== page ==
Movie Theater Chains Imitate Mom and Pops
They’re trying to get more butts in seats by letting patrons watch, say, The Big Short with a Blue Moon in hand. Whether it’s working is another question altogether.
Moviegoers have alcohol options at many theaters these days.
Photo by Pat Mazzera
Experiencing The Revenant with a pack of Skittles and a Diet Coke is pretty darn good. But imagine watching Leonardo DiCaprio getting attacked by bears as you nibble buttermilk-fried chicken and sip a Cucumber Gimlet.
Although guzzling a beer while watching a movie is nothing new at some Bay Area theaters, meals and adult beverages have become ever more ubiquitous at the movies as exhibitors hope to lure a Netflix-obsessed nation back to their curtained cinemas.
Michelle Bilensky of Oakland enjoys a movie with a cold Blue Moon in hand. She is a fan of the New Parkway Theater on 24th Street in Oakland, just as she was a fan of the old Parkway before it.
“It’s just got the whole ambience thing,” Bilensky said. “The furniture is like home, and you’re out with a bunch of best friends. It’s better than staying at home. There’s better food, and of course the beer or wine makes you feel more relaxed.” Whether she’s watching action or comedy, Bilenksy said, a touch of alcohol just “takes the edge off” the already enjoyable experience.
And that’s what movie theaters, including the big ones, like Landmark and AMC theaters, are now offering, too. In the East Bay, there’s Shattuck Cinema in Berkeley, the Emeryville theater on Bay Street, the Alameda Theatre and Cineplex, and the theater at NewPark Mall in Newark, which all boast the chance to sip a margarita or Heineken while watching Apollo Creed sweat it out in the ring with Rocky Balboa.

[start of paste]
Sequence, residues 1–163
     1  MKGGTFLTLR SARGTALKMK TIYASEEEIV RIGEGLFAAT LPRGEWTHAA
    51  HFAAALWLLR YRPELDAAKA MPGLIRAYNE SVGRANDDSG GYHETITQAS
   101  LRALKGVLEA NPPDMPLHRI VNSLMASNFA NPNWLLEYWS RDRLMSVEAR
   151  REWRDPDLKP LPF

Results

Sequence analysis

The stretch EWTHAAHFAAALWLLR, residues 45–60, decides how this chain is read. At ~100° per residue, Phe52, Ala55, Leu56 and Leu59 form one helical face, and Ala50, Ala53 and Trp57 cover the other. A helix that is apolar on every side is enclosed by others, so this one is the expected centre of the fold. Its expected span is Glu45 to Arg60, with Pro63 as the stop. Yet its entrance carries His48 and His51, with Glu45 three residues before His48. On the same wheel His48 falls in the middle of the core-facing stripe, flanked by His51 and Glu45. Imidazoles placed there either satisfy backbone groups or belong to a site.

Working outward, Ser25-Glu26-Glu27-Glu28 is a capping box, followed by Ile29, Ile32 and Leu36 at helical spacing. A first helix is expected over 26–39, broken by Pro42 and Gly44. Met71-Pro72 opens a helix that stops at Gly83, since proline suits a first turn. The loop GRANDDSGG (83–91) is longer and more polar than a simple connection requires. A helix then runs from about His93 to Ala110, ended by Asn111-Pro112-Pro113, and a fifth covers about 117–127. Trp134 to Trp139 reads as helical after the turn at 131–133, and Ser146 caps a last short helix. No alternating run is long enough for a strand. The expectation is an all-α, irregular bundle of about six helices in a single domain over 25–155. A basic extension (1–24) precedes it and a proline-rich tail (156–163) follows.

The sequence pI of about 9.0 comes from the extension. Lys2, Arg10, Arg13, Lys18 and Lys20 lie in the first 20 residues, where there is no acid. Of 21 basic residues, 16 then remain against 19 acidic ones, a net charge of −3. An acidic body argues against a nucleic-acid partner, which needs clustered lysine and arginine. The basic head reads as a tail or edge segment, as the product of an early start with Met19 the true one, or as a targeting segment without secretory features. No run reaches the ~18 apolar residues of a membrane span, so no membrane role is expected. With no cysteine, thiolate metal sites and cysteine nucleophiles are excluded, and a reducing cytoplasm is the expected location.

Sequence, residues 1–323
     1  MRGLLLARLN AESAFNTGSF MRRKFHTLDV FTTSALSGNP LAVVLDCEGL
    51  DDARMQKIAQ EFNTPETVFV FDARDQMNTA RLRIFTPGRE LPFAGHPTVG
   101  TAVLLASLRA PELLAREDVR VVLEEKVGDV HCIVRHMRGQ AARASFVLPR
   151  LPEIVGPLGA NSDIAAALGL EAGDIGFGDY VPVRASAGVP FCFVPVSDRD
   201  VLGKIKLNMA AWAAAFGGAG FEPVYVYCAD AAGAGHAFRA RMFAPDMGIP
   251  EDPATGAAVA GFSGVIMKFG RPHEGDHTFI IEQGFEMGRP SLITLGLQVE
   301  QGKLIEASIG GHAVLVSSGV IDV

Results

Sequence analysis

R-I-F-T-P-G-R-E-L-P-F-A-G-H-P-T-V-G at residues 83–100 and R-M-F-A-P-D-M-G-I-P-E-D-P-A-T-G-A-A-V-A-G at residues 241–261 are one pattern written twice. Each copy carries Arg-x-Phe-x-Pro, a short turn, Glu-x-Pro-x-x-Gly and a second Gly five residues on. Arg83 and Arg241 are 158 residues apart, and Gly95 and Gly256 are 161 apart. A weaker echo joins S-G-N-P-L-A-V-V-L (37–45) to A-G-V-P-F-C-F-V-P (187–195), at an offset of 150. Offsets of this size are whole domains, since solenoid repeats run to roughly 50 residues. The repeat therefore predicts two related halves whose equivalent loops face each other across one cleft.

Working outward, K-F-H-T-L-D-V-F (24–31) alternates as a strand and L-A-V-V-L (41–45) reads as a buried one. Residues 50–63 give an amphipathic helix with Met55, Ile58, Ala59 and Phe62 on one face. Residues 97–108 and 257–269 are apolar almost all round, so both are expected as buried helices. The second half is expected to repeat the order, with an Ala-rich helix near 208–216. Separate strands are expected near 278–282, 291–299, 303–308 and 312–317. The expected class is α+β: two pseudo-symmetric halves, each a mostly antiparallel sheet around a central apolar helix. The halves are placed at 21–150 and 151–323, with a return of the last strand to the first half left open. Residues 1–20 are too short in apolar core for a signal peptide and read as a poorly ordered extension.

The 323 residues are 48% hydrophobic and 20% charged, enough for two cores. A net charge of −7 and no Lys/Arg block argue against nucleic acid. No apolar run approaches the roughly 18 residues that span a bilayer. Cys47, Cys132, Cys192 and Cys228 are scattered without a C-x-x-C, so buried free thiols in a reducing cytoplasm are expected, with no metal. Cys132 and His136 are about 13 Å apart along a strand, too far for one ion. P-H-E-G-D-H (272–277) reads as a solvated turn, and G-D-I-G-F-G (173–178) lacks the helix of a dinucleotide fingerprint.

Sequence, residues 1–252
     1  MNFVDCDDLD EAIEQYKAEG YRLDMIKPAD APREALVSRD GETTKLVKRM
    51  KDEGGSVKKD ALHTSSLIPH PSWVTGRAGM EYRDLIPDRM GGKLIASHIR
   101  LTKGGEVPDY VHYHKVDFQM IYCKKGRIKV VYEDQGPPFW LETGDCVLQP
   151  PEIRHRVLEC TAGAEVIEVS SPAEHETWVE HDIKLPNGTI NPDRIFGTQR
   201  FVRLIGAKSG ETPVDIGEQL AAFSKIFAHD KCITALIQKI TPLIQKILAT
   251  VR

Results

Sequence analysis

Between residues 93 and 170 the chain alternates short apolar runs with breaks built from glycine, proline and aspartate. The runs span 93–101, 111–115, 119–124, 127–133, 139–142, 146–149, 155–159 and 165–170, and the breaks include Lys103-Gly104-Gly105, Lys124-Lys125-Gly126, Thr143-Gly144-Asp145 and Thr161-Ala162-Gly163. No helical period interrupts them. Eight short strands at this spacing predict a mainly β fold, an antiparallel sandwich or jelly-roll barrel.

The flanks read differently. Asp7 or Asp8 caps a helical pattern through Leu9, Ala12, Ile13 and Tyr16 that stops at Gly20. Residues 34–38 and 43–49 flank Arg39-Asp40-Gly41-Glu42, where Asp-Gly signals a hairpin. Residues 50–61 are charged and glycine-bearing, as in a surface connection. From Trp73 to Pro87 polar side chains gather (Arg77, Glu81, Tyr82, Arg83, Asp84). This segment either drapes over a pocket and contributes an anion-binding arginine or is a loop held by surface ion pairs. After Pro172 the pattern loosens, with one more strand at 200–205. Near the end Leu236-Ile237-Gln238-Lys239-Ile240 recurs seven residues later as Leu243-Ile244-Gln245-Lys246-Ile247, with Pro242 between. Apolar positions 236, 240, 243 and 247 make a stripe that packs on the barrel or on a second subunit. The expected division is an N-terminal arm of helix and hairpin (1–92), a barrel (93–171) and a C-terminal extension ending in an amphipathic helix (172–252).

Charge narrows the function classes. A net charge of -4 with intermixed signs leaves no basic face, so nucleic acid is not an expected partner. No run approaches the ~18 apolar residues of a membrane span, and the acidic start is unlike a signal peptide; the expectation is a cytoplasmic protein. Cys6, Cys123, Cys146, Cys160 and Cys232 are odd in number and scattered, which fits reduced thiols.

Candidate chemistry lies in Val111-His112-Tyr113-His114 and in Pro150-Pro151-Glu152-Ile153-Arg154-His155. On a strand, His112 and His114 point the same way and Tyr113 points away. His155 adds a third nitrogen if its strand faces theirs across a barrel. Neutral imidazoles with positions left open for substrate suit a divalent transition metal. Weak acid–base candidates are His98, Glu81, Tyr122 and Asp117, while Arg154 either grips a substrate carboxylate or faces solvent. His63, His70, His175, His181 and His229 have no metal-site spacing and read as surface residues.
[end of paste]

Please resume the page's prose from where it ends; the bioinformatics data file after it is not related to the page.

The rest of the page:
AMC director of alcoholic operations Frank Lewis said the chain began offering such drinkable delicacies such as the El Patrone Margarita about 15 years ago in New Orleans. The entire food-and-drink movement starting peaking five years ago, Lewis said, and the Emeryville MacGuffins Bar and Lounge opened at the Bay Street movie theater in 2015.
Lewis said the chain hasn’t necessarily seen an uptick in movie sales, and he wouldn’t divulge specifics. But overall, he said, AMC has seen an “incremental increase in food and beverage revenue.”
He also downplayed any type of patron rowdiness because there’s booze nearby. “Nowhere can you find any increased criminal activity because of it,” Lewis said. That’s because, he said, people behave differently in a movie theater compared to a bar, where drinking is the main attraction, and not stargazing at Leo. “The movie is always the experience,” Lewis said, “and we never offer drink specials or happy hours.”
Lewis said it’s not about the big chains trying to target little theaters like the New Parkway, which has been offering such services for a long time. “We don’t want to put the mom-and-pops out of business,” he said. “Our biggest competition is America’s couch. And our compelling motivation is about getting people off the couch and into the movie theater.”